Processing Your Payment

Please do not leave this page until complete. This can take a few moments.

Updated: March 2, 2021

UMPI receives grant to market an astronomical attraction in Aroostook County

Courtesy / University of Maine at Presque Isle The University of Maine at Presque Isle received a $7,500 grant to develop new marketing materials for its Solar System Model, including this representation of Saturn.

The University of Maine at Presque Isle has received marketing funds from the Maine Office of Tourism to promote an attraction that's out of this world.

The $7,500 grant through the Maine Office of Tourism’s marketing partnership program will allow UMPI to promote the Maine Solar System Model with new photography, a promotional video, an interactive website, advertising on social media and a new brochure, according to a news release.

The largest scale model of the solar system in the Western Hemisphere, and the second-largest in the world, Maine's model extends for nearly 100 miles along U.S. Route 1, from the "Sun" at UMPI to a model of the dwarf planet Eris in Topsfield.

As part of the grant, UMPI is partnering with many Aroostook organizations, including Aroostook County Tourism, Northern Maine Development Commission, Aroostook Partnership and Greater Houlton Chamber of Commerce. 

In collaboration with the Central Aroostook Chamber of Commerce, the new brochures developed will be distributed to all 62 chamber offices across Maine and be placed in the four Maine visitor centers and kiosks in Kittery, Yarmouth and New Hampshire. 

“From personal experience, I can say that this model attracts a significant number of tourists to northern Maine and improves interest in science among the students in Maine’s largest County,” Kevin McCartney, a UMPI science faculty member who has served as the solar system model coordinator since the project’s inception, said in the release.

“Community organizations and businesses have also shown continued support by assisting in the movement and refurbishment of planets, as well as work on the sites where the planets are displayed.”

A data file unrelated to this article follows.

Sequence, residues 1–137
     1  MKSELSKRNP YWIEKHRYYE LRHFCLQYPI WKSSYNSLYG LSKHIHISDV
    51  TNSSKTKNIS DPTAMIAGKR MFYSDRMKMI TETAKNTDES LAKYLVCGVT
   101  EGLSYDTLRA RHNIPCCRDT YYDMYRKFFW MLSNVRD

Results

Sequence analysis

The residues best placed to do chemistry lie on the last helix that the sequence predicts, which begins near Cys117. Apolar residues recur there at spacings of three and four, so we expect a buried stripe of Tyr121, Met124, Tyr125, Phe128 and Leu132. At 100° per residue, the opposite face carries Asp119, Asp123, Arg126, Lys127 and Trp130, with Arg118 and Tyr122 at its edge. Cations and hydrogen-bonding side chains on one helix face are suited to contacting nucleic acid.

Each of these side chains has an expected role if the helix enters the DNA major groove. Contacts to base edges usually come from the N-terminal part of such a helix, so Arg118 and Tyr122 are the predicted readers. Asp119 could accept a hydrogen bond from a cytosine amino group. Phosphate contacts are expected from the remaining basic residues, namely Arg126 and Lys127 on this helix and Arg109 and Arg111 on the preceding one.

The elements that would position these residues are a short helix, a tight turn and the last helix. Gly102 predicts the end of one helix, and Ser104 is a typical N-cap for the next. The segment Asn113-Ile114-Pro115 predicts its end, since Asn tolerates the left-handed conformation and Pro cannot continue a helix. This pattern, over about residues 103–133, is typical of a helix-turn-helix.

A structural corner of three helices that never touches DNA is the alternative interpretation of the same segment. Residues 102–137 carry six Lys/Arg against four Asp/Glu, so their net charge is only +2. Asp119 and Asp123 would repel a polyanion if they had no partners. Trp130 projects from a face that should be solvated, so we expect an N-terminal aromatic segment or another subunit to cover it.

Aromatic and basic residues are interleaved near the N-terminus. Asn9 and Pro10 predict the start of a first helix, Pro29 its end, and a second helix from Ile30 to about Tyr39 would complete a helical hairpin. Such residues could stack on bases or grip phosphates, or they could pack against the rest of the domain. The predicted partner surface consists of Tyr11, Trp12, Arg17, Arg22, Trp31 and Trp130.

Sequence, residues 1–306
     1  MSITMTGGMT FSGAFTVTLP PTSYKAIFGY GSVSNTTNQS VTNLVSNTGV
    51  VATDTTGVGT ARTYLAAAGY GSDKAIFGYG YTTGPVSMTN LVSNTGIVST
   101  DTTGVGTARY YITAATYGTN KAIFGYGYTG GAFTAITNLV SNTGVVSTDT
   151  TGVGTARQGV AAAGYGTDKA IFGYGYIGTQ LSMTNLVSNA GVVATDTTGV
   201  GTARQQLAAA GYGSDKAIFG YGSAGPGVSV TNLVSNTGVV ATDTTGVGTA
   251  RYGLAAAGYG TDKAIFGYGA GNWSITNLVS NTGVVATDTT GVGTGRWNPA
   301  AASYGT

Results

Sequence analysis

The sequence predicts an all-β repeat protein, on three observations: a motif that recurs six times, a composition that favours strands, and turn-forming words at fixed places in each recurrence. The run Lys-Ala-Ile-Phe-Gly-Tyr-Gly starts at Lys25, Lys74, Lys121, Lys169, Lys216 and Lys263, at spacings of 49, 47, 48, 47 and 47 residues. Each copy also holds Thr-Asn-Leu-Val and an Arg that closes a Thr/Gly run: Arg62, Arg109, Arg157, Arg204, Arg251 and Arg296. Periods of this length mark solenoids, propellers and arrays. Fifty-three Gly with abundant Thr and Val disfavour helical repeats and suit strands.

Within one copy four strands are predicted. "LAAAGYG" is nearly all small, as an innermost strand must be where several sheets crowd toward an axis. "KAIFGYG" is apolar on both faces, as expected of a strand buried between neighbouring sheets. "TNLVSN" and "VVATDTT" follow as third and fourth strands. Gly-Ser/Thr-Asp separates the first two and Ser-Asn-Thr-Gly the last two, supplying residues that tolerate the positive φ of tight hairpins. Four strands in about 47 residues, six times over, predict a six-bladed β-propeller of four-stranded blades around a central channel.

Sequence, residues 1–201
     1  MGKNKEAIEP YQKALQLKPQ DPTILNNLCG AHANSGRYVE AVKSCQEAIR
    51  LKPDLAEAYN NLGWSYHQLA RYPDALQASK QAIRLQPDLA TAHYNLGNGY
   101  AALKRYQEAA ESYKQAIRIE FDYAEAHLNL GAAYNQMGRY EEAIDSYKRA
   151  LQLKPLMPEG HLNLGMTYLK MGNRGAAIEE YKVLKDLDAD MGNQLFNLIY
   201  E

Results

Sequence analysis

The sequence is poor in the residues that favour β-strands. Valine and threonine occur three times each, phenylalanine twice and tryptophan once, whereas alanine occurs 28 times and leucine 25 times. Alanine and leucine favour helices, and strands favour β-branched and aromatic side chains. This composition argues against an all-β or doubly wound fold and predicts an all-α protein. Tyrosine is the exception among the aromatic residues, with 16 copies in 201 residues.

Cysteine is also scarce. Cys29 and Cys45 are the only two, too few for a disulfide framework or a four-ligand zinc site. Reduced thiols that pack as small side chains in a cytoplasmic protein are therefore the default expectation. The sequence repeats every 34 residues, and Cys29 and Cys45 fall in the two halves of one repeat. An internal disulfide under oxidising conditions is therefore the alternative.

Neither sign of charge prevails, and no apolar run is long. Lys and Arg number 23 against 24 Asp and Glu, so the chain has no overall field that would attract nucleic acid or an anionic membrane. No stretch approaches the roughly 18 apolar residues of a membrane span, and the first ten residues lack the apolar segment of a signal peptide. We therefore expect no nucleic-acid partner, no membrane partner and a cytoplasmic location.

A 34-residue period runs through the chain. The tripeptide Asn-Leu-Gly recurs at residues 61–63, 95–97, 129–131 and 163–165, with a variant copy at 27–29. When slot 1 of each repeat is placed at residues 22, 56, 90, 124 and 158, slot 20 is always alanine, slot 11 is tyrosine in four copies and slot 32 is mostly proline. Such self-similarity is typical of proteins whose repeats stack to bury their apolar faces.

Established by UMPI and the northern Maine community, the model was built entirely by volunteers as a community project, with all materials and labor donated. Volunteers included a consortium of 12 schools and hundreds of businesses and individuals throughout northern Maine.

The three-dimensional model is presented at a scale of 1 mile equaling 1 astronomic unit, which is the distance from the Earth to the Sun, or 93 million miles. A person traveling at 7 mph along the route in Maine moves, on the model's scale, at the speed of light.

“We are so pleased to receive this MOT support for the Maine Solar System Model, given its significant impact on local tourism,” said Debbie Roark, UMPI’s executive director for university advancement and external affairs. “As a community, we are excited to increase visibility and awareness of the model across our state and beyond, by providing a new interactive website and increased promotional efforts.”

The enterprise marketing grants support tourism marketing projects aimed at increasing visits to the applying destinations.

“The Maine Solar System Model is an attraction unique to Aroostook County; as such it is featured prominently in the Aroostook County visitor guide published by Northern Maine Development Commission and Aroostook County Tourism,” said the commission’s executive director, Robert Clark. “Our tourism hotline also receives calls inquiring about the model from families with younger children who want to visit each stop along the solar system.”

Original construction on the model was completed between 1999 and 2003 with nine planets and seven moons. It was expanded to include three dwarf planets in 2008. Improvements for the Sun and an expansion including two additional dwarf planets are planned. The model has been featured in various national magazines, including Smithsonian and Air and Space.

The model is unusual as a tourism attraction because it hasn’t been affected by COVID-19, said Roark. 

“It’s a naturally socially distanced activity and it allows families and individuals to tour and engage in a safe way,” she said.

Sign up for Enews

Related Content


Order a PDF